April 11, 2003

First Unitarian Church has agreed to buy the Concord Pike Library building in Talleyville, which has been vacated since its collection was move to the new Brandywine branch library, Delaforum has learned.

David Burdash, director of the Wilmington Institute Free Library, which owns the two-story suburban building, confirmed that there is a sales agreement under which the church will buy it for $850,000. The actual property settlement, he said, will take place in early June.

Since it became known several years ago that the crowded and obsolete county library housed there would be replaced by the larger and modern new one, there has been concern about the fate of the building. Civic activists were strong in opposing its being sold for commercial use.

Burdash said "discussions with the church have been going on for awhile." That, he said, was in keeping with a stated desire to have the building take on a use that would be "compatible with the community." It is believed the Unitarian Universalist church, which has a growing congregation, will use it for educational activities. Church officials could not be reached for comment as this article was being prepared.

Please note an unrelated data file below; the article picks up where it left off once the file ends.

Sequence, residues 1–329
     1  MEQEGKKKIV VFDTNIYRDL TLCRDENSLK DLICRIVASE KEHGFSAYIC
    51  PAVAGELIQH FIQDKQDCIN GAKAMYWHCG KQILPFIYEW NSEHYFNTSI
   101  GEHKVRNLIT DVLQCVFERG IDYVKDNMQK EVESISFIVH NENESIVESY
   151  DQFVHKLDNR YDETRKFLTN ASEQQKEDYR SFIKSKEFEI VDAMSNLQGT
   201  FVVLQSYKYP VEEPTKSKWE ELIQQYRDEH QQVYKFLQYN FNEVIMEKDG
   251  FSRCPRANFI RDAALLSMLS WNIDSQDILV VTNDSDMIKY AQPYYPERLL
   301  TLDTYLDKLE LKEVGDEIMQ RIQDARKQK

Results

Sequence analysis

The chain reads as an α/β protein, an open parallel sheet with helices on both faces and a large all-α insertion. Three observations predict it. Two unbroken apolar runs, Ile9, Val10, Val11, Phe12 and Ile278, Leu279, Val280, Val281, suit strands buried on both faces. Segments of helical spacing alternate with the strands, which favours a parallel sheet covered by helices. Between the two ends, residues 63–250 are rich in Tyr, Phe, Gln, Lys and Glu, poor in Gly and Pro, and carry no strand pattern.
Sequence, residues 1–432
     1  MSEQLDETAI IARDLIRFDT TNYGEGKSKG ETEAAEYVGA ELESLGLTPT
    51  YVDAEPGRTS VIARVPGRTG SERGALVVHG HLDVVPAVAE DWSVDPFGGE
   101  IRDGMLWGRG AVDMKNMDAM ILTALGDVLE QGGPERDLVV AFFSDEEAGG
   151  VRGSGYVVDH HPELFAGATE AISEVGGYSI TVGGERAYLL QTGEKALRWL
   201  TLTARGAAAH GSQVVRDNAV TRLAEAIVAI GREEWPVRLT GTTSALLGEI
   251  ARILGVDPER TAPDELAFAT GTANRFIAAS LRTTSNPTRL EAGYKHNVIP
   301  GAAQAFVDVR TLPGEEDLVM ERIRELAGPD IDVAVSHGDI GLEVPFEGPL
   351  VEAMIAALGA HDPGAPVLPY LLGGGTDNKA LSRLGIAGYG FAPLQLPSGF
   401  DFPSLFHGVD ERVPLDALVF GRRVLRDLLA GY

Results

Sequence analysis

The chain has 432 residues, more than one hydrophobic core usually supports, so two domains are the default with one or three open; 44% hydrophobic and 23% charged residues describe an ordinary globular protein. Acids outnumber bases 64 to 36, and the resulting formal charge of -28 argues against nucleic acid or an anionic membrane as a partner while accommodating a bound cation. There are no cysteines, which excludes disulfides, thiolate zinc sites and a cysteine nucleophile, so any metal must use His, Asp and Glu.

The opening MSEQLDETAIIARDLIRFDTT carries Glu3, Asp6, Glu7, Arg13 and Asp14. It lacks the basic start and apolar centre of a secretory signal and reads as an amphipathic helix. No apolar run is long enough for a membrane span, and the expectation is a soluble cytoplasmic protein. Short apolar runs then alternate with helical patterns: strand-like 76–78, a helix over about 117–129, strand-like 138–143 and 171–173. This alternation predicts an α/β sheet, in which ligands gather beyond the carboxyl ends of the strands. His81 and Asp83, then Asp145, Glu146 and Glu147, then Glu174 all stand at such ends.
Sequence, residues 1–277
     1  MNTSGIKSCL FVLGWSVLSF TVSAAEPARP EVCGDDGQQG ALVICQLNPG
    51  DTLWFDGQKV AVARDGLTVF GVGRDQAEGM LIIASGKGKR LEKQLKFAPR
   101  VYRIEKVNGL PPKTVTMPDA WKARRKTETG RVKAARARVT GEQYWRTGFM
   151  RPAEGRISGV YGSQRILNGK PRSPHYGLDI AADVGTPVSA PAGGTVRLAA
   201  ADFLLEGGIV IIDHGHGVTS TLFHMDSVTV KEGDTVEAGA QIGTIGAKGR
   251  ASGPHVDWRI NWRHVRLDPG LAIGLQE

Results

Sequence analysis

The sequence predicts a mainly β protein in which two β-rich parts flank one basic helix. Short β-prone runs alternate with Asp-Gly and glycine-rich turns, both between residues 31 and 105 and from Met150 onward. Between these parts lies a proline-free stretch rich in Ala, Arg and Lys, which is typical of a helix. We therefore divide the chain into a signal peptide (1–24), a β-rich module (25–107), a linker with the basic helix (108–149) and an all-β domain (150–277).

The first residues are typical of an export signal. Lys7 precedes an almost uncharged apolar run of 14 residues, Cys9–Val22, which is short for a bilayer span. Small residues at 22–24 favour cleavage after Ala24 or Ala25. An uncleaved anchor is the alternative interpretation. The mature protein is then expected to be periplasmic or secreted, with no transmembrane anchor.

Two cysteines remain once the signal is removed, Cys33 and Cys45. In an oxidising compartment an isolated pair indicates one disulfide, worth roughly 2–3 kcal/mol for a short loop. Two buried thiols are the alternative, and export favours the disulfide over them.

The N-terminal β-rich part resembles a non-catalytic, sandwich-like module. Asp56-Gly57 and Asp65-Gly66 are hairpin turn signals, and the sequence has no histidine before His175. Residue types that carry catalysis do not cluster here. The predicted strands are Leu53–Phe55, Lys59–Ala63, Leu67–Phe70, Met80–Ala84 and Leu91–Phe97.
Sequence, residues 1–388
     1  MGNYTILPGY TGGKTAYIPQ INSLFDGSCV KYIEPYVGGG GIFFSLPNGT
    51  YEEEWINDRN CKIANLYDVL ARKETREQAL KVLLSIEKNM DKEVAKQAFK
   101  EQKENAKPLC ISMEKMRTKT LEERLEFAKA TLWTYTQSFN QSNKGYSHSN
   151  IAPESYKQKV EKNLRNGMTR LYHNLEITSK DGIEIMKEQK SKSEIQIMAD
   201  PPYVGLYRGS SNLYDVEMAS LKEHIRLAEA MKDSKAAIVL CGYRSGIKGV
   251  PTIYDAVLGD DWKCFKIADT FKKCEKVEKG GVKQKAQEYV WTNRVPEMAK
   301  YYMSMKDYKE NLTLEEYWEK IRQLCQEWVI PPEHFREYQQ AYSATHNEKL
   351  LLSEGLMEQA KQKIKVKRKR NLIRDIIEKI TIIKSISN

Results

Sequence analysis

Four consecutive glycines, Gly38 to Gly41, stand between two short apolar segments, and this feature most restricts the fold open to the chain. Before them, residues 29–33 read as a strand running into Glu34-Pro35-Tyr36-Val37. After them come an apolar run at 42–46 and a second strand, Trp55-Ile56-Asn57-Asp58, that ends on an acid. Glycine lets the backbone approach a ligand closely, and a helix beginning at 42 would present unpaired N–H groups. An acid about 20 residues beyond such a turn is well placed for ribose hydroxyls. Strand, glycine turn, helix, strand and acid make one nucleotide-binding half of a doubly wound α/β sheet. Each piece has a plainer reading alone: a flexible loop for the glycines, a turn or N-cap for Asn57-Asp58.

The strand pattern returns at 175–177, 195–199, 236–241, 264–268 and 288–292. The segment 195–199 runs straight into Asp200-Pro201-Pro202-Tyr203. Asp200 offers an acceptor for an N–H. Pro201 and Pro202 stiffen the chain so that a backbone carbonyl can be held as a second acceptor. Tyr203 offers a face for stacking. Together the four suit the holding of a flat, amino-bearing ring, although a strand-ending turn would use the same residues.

The church is located in Sharpley, directly behind the library building.

A problem for the church has been to come up with the money to meet a price which would meet the Wilmington Institute's fiduciary obligation to obtain market value or something close to it. Burdash described the amount agreed upon as a "compromise." He said his organization did not have any serious discussion with any other prospective buyer.

Although the new Brandywine branch apparently replaces the downtown Wilmington library as the largest in the state, Burdash said he does not regard it as competition. "The demand for library services is increasing and that area (Brandywine Hundred) certainly needs a larger and more up-to-date facility," he said. He described it as "a beautiful and large building which will certainly serve the need."

He said the Wilmington library had considered and rejected the idea of providing refreshments for reading patrons, one of the prominent features of the new library. "It's something we'll keep looking at and we certainly will do whatever it takes" to remain competitive, he said.

2003. All rights reserved.

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